GOVERNOR: No, because — you mean you’re talking about the $200 million, the Emergency — you’re talking about the Emergency — yeah. That is — it’s a fee. We consider it a fee. I mean, that’s again, I let some people debate over that, what’s a fee and what’s a tax. But I mean, I call it a fee and it’s going to be — we look for that increase because it will help CAL FIRE and it will help our Emergency Response Initiative and our Emergency Services. We have more and more fires now and therefore we need the extra money.
QUESTION: Governor, you’re proposing — Governor, you’re proposing to eliminate the sales tax on gasoline and replace it with a higher excise tax and the net effect would — one of the net effects would be to reduce the Proposition 98 guarantee by almost a billion dollars. Is that consistent with your pledge to hold the line and protect education funding?
GOVERNOR: It is holding the line on our priorities. Remember what I said in my State of the State speech. This is the year where priorities will be very important and I think my priority is to protect education funding and to make sure that we have enough for higher education, because this is the future. The children are our future.
And I think that the key thing for us is to manage this crisis and this reduction in revenues in such a way where we go and look creatively in other areas and this is why I pointed out, for instance, to look at the pensions of public employees where we can save money by, you know, working to find a way of changing the formula for new employees. And to go in that direction so that we can go and fulfill our commitment that we made to them but lower the costs and so that the taxpayers don’t have to pay these extra billions of dollars, which then is money that is being taken away from other programs.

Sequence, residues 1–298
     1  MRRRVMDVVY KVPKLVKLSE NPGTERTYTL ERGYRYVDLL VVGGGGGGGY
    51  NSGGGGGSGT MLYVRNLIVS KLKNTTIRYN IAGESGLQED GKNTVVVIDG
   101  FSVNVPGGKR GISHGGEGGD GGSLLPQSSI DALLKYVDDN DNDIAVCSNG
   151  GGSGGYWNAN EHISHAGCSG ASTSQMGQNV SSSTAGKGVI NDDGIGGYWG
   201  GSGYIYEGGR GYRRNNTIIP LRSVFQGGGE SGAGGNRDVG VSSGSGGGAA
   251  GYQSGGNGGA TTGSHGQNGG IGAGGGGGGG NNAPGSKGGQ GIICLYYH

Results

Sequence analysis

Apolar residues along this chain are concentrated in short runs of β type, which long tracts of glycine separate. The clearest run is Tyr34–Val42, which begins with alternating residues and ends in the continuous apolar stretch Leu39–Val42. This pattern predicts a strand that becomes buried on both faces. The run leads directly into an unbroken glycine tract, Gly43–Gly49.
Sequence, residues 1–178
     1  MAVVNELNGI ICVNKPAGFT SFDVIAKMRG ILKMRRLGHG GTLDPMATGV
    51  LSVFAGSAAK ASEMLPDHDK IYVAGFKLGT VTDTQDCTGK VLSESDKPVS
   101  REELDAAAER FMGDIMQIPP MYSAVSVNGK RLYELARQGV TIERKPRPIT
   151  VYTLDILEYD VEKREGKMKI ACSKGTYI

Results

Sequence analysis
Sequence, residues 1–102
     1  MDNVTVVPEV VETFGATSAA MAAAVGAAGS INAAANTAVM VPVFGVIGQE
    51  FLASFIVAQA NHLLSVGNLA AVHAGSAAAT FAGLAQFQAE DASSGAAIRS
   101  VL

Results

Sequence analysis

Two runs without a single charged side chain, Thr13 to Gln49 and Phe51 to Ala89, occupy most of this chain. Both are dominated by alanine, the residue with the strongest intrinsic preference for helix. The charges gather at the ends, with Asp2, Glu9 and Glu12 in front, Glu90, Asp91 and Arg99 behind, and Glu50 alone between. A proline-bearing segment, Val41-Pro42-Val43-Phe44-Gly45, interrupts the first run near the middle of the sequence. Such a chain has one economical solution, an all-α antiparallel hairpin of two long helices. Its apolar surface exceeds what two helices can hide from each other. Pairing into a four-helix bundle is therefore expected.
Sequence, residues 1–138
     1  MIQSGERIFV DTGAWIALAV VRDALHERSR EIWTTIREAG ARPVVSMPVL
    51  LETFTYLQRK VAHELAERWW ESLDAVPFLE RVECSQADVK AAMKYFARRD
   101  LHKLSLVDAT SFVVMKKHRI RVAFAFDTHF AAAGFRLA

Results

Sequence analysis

And the other thing that you see in this budget is that I refuse to raise taxes in this budget, because there’s no reason for us to raise taxes when there is all this extra money still around out there, especially in the prison system and in the public pensions where we can save billions and billions of dollars. So this is why we’re going in that direction.
And I am again, like I said, looking forward to working with the legislators. They will have different ideas about a lot of those things. But, you know, Democrats and Republicans last year did an extraordinary job, $60 billion we worked out on solutions. And so this is $20 billion and it’s going to be tough. But because there is a will there to make it work, we’re going to make it work. And so I’m looking forward to working with the legislators.
And I think that the key thing also is, as I said earlier, that we start making mid-year cuts now. I mean, I wish we could just sit down for the next two weeks and work that out very quickly, because the faster we make the cuts now — because this year is $6.6 billion that we are spending too much. This is $600 million a month, right now that we are spending, that we do not have. So the faster we can make mid-year cuts the more we can then help the budget year for the coming budget year that’s starts on July 1. So this is — there’s a lot or work ahead, so I’m looking forward to that. So again, thank
QUESTION: If the children are our future, how can you eliminate (Inaudible) and shred the safety net for all those poor children? You say children are our future but you obviously don’t mean poor children.
GOVERNOR: As you just identified, that yes, you’re right. I did say that children are my priority and they will continue being my priority. As a matter of fact, I was so excited yesterday that we showed that the state of California showed to the children our priority when we had education reform, reform in education that no one thought would be possible. But the legislators did it. It was a huge, huge victory, where Democrats and Republicans came together.
And when you have a $20 billion loss in revenues, then you have to again have priorities and you have to make choices. And let me tell you something, a lot of the cuts that you see in this budget, under normal circumstances we wouldn’t make those cuts. We would not make those cuts because, like I called them draconian cuts, very painful cuts. And so this is why I think we have to fix our budget system and we have to fix our tax system. So thank you very much, everybody. Thank you.